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For God’s sake

Reza Aslan on writing on religion and exploring Jesus the man in his most recent book Zealot.

The book may have been denounced by some but Aslan clarifies that Zealot is not out to denounce the Christian faith. The book may have been denounced by some but Aslan clarifies that Zealot is not out to denounce the Christian faith.

If all publicity is good publicity, then Iranian-American author Reza Aslan could not have asked for anything better. Soon after an interview with American news network, Fox News — on which the anchor questioned his right as a Muslim writing about Jesus — went viral, the sales of his latest book Zealot: The Life and Times of Jesus of Nazareth shot up.

The book’s publisher Random House had to order more copies soon after the interview was televised in July last year. So, it was no surprise that Aslan was the rockstar at the recent Jaipur Literature Festival. Dressed in a blue sweater and sporting sunshades, the writer could not hide his joy while signing autographs for enthusiastic readers at the terrace of Diggi Palace, Jaipur. “It is great to know more people are reading it (book) across the world,” he says.

The book may have been denounced by some but Aslan clarifies that Zealot is not out to denounce the Christian faith. “When you write about religion for a living, you have to expect that people are going to respond with passion. I don’t have a problem with that at all. But I think when people read my work they realise that whether I am writing about Jesus, Prophet Mohammed or Moses, I treat these subjects with respect. I, myself, am a man of faith. I have no interest in denigrating faith,” adds the 41- year-old scholar and writer.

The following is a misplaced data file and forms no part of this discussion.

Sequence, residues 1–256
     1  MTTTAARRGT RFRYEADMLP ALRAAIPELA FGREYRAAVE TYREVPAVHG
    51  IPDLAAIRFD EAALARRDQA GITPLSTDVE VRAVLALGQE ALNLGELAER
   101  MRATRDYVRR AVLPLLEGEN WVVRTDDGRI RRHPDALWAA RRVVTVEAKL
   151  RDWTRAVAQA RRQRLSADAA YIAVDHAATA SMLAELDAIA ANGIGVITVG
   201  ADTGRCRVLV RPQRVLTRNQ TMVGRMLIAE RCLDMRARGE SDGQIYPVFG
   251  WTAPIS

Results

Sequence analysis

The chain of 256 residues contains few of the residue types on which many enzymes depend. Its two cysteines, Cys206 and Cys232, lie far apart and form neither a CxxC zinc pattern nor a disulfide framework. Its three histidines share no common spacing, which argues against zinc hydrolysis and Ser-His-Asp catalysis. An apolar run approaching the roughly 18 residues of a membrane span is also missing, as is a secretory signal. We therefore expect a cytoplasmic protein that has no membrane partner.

The book, his fourth so far, which made it to the “The New York Times No. 1 Bestseller” list, looks at Jesus of Nazareth, not as a god, but as a common man rife with contradictions. He attempts to present a new perspective to the idea of Jesus through historic data and interpreting ancient texts.

Aslan fled Iran with his parents at the age of seven, and turned to Christianity at the age of 15, but soon grew disenchanted with it. “Most of what I knew about Jesus was incorrect. So I became more interested in the historic man rather than the man of faith. The central tenet of Christianity is that Jesus is  God and that is something I could not hold,” explains Aslan, who currently lives in Hollywood with his wife and two sons.

Though the book was well received  the world over, it attracted its share of brickbats as well. “What bothers me is the criticism from  people who haven’t read the book and reject it for the fact that a Muslim is writing it,” he says. A PhD in religious studies from University of  California, Santa Barbara, Aslan specialises in interpreting the history of religions. His first book, No God but God: The Origins, Evolution and Future of Islam, translated into 13 languages, dealt with the evolution of Islam and its complexities.

“Whether I am writing about Judaism, Islam or Christianity, I want to talk about the historical aspects. I want to dig through the legend, mythology and  theology and try to get to the actual human beings behind it, not who the religion says they were,” says Aslan, who is working with screenwriters for a film adaptation of his book, acquired by Lionsgate Films. There is also a TV show in the pipeline called Tyrant  for American network, FX.

Aslan is also now working on his next—a book on the history of god, which questions the origins of our  beliefs about god. “In many ways the sequel to Zealot will be the book about god,” he says.

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